Basic usage

A basic configuration in /etc/asoundrc file looks like this:

pcm.newdevice {
    type            softvol
    slave.pcm       "default"    "Softmaster"
    control.card    0

This creates a new PCM device called newdevice whose volume is controlled by a new volume control called Softmaster. The audio stream with changed volume will be passed to the default device. As the plugin doesn't change anything but the volume, sample format, sample rate and number of channels of the new device are equivalent to the values of the slave.

It is not possible to redefine a non user defined control! If the name of the new volume control already exists, the new device just copies the stream to its slave without changing anything. Use amixer controls | grep Softmaster to find out whether the control already exists. However, it is possible to create a control named "Master" to get a proper master volume control if the soundcard does not have one itself. See How to use softvol to control the master volume.

Note:The new volume control won't appear immediately! Only after the first usage of the newly defined device (e.g. with speaker-test), should amixer sget Softmaster display the new control. Mixers that were already started before the first usage (like KMix) have to be restarted to adopt the changes. If the new control is still not there, try restarting ALSA or your PC. I already told you this.

Removing a volume control

This task is not as easy at it seems, if you don't know the trick. If the correspondant part of the configuration file is just deleted and alsactl store has been executed after the usage of the device in question, the volume control won't disappear. alsactl store stores the value of all controls (among them the softvol device) in /etc/asound.state (For me the correct file is /var/lib/alsa/asound.state) and is most likely executed on every shutdown of your computer.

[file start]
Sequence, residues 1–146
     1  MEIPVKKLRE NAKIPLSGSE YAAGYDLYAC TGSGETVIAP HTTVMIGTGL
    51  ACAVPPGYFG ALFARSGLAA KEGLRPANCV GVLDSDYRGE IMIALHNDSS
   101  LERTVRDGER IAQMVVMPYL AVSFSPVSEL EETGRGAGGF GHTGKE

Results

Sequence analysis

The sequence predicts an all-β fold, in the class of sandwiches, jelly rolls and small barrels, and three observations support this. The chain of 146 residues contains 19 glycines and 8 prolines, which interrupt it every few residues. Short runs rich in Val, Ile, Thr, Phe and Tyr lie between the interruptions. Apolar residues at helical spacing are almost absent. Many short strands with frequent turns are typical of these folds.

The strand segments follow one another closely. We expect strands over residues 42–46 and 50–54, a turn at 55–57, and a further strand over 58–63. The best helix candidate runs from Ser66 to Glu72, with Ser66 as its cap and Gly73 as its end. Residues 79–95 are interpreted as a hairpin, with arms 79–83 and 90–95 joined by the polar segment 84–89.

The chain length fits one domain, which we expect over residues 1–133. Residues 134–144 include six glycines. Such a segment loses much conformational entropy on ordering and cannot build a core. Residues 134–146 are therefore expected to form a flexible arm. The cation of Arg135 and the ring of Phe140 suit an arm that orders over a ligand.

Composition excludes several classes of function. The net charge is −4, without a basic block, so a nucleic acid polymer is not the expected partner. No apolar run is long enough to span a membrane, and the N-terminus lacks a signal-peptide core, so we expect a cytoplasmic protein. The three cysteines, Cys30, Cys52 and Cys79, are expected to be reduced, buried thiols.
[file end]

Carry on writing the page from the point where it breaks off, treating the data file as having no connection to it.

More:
To make the volume control disappear finally, you have to delete its values in /whatever/asound.state or just the whole file (it will be recreated with default values on next reboot). After that, your computer has to be restarted once without the execution of alsactl store on shutdown. On Debian, this can be achieved by temporarily renaming /etc/rc6.d/K50alsa-utils (or similar). Pressing the reset button also works, but should be avoided.

So, to REMOVE a volume control:

The complete /etc/asound.conf I'm using now

After some tries, reboots, deleting of files etc, this is now working for me:

pcm.softvol {
    type            softvol
    slave {
        pcm         "front"

pcm.!default {
    type             plug
    slave.pcm       "softvol"
  pcm.softvol {
    type        softvol
    slave {
        pcm     "dmix"
    control {
        name    "PuttanaEva"
        card    0
      min_dB -30.0
      max_dB 30.0
      resolution 20


Alsaplayer is very nice to test shit.

For example:

alsaplayer -o alsa -d plug:dmix somemusic.mp3

so you can test that the dmix part of alsa you just configured is working correctly.




AlsaVolume (last edited 2017-09-27 08:22:33 by asbesto)